Wednesday, January 12, 2011
January 12th, 2011 - 2.13 Mile Run
The continued prayer is, “Lord keep me focused. Keep my mind stayed on You. Help me to bring You praise. I know You believe in me. Please help me in my unbelief. Amen.”
Looking at the distance, this may look like a pretty worthless run. I have to admit that normally I wouldn’t even bother lacing up the Asics for fewer than 3 miles. But wait! What makes a short workout a kickass workout?! Oh, you guessed, Baby! Hills!!!!
This was a hilly, trail run. It was interesting because it was psychological as well as physical. Earlier today, while I was working, I put in the old ear buds and listened to an interview with Dean Karnaze by Living the Run, where he talks about the Western States 100-mile race. The endurance that it takes to complete something like that is insane, to put it mildly. Let’s set aside winning for a minute. Even completing something like that boggles the mind of even the most experienced runner, I’m sure.
He said something like, you run the first 50 miles with your legs and the last 50 miles with your mind and I imagine that’s true. I tend to hit the wall at mile 7 and I have to repeat mantras, change my stride or even my music in order to just…. keep….. moving!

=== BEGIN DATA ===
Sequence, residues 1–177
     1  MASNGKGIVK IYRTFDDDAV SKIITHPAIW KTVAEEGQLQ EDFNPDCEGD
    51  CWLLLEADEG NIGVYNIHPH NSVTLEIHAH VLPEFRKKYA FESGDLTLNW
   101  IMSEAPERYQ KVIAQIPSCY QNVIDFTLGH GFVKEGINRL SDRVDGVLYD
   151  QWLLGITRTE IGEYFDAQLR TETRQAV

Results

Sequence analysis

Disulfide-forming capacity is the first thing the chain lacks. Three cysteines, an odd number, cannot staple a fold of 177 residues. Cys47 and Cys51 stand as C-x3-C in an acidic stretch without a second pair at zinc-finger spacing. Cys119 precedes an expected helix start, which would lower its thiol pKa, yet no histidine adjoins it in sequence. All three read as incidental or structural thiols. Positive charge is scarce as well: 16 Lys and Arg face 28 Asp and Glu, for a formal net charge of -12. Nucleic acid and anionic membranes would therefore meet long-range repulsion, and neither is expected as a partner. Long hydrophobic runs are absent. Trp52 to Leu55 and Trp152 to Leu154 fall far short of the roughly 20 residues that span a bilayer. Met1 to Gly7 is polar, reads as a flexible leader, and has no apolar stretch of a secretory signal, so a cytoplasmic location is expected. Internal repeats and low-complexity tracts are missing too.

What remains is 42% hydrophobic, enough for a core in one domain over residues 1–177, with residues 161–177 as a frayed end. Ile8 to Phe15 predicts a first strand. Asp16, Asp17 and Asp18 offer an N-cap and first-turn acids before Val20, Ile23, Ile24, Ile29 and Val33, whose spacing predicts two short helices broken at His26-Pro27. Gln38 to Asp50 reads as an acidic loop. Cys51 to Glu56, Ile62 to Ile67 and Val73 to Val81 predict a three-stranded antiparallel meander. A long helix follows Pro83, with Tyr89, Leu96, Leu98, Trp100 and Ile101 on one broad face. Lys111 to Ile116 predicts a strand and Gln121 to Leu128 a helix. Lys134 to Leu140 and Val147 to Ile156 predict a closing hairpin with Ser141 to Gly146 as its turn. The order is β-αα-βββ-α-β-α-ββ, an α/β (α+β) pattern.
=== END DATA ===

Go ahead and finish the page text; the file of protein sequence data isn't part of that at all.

I knew this run was going to be challenging because it was a hill run and I wanted to incorporate the trail I did that last time I ran on my lunch break. Ever since I sprained my ankle 20 years ago after some hardcore endurance event that would kick any big bad football player’s arse (cheerleading practice), I have been prone to rolling my ankle. Honestly, I could just be standing there and I’ll tweak my ankle somehow. It’s maddening!!! Needless to say, I make it a point to watch every step when I’m trail running. And like anyone else, I think, hill work tires me almost immediately.
After listening to the amazing Dean K and also as I’m reading “Born to Run…” I am learning that the greatest runners make friends with fatigue. I think what happens to me (and most people) when I’m running is that my heart rate gets really high when I’m working hard and my muscles get exhausted and something very near panic sets in. Then you have to stop and walk just to regulate your breathing. What I am learning is that it is possible to just relax. To figuratively “settle into” the run and regulate my breathing while I am still moving and then when I’ve recovered, I can tackle that hill or that stretch of trail or whatever. So this run was about me trying to perfect that process. It really was great. I don’t know that I’ll ever be a big fan of hill work or trails, but I really enjoyed this run.
Before the run, I fueled up like the Tarahumara, with Pinole and Chia Seeds. They worked like a charm. I felt energized the entire time and I never felt dehydrated. But again, it was a *really* short run. I still have to try it on a longer run. But so far, I’m a fan.